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Surety Bonds and the New Changes in Lease Accounting

lease accounting

The Financial Accounting Standards Board (FASB) began to overhaul the lease standard approximately 13 years ago. Educational materials can be found on their website. The new standard became applicable to private companies on December 15, 2019 (which means it is already in effect). Note that this change only affects private companies, as public business entities were already using the new standard.

Do the New Rules Apply to Your Construction Company?

The answer is likely yes. Any business following Generally Accepted Accounting Principles (GAAP) are required to implement the new requirement. Contractors who need Contract Surety Bonds and therefore CPA prepared financial statements will be subject to these requirements.

Pro Tip: The biggest impact of these changes is going to be to lessees. The lessor won’t see significant changes to the lease accounting practices they have in place.

Impact of New Lease Accounting Requirements on Surety Bond Capacity

The most significant impacts will be to contractors’ financial ratios such as debt to equity. This is very important as surety bond companies and banks have covenants tied to these ratios. Contractors could violate these covenants under the new rules even their operations have not materially changed. Balance sheets under the new requirement will likely grow which sounds like a good thing. However, the offsetting entry will be debt. A study of 3,000 companies by PWC shows an average debt increase of 22% across all industries. Surety bond companies do not like debt and spike of this size may be cause for concern. Heavy contractors who lease equipment could be most at risk as well as those leasing real estate.

The Specific Changes Going into Effect

There are two basic classifications of leases:

  1. Capital Lease (now called Finance Lease): Involves the transfer of ownership of an asset to a lessee.
  2. Operating Lease: Transfers the right to use said asset during the term of the lease.

Under the old requirements, operating leases were not recognized on the balance sheet. Instead, rent expenses were recorded on the balance sheet. Part of the new standard has been created to help improve transparency and comparability of financial statements. This was achieved by requiring most leases to be included on the balance sheet. The new requirement referred to as “the right-of-use” requires companies to recognize a right-of-use asset and a lease liability on the balance sheet for what used to be operating leases. This all but eliminates off-balance sheet leases which could have a major impact on a company’s balance sheet.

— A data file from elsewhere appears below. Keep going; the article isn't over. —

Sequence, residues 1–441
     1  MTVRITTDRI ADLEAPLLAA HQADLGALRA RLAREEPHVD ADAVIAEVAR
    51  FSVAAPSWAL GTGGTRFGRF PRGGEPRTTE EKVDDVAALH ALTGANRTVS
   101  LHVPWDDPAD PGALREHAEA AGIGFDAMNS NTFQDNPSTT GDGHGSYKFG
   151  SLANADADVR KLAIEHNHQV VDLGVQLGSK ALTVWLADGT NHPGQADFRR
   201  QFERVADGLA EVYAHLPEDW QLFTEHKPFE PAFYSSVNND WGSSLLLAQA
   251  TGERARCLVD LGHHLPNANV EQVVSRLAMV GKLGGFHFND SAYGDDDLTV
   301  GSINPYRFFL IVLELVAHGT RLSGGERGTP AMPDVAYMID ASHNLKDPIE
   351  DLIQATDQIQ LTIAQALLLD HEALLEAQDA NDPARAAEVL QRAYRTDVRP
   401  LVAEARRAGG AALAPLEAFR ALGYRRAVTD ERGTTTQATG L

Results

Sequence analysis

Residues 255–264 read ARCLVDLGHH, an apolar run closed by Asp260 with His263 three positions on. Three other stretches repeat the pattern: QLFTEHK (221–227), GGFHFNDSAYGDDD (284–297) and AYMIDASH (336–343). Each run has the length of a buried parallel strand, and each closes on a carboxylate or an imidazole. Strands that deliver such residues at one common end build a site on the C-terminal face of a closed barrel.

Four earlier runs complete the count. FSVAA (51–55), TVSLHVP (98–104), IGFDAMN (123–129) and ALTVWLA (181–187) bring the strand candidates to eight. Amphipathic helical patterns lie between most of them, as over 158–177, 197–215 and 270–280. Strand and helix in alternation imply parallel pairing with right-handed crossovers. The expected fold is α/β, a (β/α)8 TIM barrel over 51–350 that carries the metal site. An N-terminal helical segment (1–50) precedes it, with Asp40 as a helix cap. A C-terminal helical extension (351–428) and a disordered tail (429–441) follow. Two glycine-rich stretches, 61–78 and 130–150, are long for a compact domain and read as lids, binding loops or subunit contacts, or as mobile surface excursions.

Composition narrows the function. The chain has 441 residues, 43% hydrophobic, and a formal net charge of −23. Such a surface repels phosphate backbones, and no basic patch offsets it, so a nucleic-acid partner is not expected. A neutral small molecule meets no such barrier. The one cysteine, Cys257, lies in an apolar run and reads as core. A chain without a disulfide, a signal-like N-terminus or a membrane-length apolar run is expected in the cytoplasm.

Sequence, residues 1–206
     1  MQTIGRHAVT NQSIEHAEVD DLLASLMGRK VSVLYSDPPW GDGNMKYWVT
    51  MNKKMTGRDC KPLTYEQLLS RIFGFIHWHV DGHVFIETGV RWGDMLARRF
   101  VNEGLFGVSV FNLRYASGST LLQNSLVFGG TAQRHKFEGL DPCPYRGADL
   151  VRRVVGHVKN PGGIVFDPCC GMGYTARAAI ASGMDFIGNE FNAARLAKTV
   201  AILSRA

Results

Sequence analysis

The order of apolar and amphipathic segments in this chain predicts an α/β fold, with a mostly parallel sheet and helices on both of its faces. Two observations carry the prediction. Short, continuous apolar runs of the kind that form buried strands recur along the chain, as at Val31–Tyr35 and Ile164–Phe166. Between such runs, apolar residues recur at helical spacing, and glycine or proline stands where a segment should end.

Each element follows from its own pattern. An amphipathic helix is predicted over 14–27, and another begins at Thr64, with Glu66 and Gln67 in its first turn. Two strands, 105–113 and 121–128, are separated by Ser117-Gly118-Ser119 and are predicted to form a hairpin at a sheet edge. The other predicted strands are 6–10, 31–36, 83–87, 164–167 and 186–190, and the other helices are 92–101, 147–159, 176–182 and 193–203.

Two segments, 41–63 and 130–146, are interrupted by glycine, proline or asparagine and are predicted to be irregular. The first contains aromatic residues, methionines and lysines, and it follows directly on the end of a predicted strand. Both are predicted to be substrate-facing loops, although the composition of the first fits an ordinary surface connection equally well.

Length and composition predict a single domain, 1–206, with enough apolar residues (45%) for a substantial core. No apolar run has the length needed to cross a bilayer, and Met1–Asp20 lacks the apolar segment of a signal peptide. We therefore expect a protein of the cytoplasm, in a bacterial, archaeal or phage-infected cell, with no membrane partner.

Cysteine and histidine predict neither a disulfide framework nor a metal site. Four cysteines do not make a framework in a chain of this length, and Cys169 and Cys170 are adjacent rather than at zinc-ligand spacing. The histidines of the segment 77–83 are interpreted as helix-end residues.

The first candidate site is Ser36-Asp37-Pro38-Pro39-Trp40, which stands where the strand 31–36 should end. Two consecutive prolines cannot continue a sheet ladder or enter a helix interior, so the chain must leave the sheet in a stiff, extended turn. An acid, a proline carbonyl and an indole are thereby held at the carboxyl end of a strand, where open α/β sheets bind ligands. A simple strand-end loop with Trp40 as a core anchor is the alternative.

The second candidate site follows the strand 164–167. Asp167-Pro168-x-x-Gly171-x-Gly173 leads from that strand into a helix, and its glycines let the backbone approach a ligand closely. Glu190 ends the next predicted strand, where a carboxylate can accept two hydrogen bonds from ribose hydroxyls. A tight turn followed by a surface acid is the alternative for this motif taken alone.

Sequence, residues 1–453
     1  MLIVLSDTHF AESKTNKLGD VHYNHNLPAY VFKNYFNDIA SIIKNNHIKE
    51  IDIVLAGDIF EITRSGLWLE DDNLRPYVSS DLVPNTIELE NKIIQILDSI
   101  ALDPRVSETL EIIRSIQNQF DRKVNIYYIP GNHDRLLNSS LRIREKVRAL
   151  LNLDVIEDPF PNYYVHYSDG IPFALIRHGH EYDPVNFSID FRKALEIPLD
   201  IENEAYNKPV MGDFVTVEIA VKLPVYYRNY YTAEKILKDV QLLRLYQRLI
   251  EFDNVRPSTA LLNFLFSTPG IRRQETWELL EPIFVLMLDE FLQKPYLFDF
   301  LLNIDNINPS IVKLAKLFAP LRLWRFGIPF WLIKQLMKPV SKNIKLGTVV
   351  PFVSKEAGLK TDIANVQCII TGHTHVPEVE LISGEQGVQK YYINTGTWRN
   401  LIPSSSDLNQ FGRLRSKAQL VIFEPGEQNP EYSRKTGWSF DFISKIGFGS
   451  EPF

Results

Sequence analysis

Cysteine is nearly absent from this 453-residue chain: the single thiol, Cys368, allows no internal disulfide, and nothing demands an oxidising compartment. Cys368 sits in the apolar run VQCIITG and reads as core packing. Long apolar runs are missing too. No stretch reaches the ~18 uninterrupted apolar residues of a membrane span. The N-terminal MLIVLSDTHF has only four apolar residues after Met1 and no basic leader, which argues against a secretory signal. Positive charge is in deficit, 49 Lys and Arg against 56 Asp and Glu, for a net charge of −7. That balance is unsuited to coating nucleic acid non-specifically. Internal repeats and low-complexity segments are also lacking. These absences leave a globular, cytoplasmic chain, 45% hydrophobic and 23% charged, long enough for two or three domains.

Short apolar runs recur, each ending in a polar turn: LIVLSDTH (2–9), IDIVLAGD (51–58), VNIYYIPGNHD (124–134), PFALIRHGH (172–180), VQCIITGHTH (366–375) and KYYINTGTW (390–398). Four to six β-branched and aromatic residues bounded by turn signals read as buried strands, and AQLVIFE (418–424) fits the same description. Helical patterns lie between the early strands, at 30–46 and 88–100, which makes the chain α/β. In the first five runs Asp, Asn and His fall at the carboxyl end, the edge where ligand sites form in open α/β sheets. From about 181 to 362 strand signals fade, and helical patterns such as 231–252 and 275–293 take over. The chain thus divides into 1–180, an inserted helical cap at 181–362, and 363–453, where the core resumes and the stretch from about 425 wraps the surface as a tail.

The first thing to do is determine if it’s an Operating Lease or a Finance Lease (previously called Capital Lease). Below is a comparison of the old and new requirements for Finance Leases.

Previous criteria for Capital Leases compared to new requirements for Finance Leases under Generally Accepted Accounting Principles

Once a determination is made that it is an Operating Lease, a contractor will then need to decide if it is long or short term. In general, a lease is considered short term, if it is less than 12 months and there is not a purchase option at the end. If the lease meets these terms and is classified as short term, payments can still be recognized short term without including it on the balance sheet. If it doesn’t meet this criterion, it is likely long term, will need to be classified as right-of-use and included on the balance sheet.

Treatment of long term and short term operating leases.

Most contractors have some lease obligations and will be impacted by these changes. If you have significant off-balance-sheet leases presently, you need to speak with CPA and your surety bond broker on strategies to minimize the impact on your company and surety bond program.

Fortunately, most surety underwriters are aware of and prepared for the new requirements. Communication will be key for the first year and it helps if you can discuss your plans for how your company will handle its lease obligations in the future. For contractors with significant leases, it would be worthwhile to determine if that is still the best structure. Renegotiating leases, purchasing, etc. may be more beneficial in moving forward.

If you are a contractor who needs a surety bond and someone with the expertise to help you, contact MG Surety today. We want to be your bond broker for life!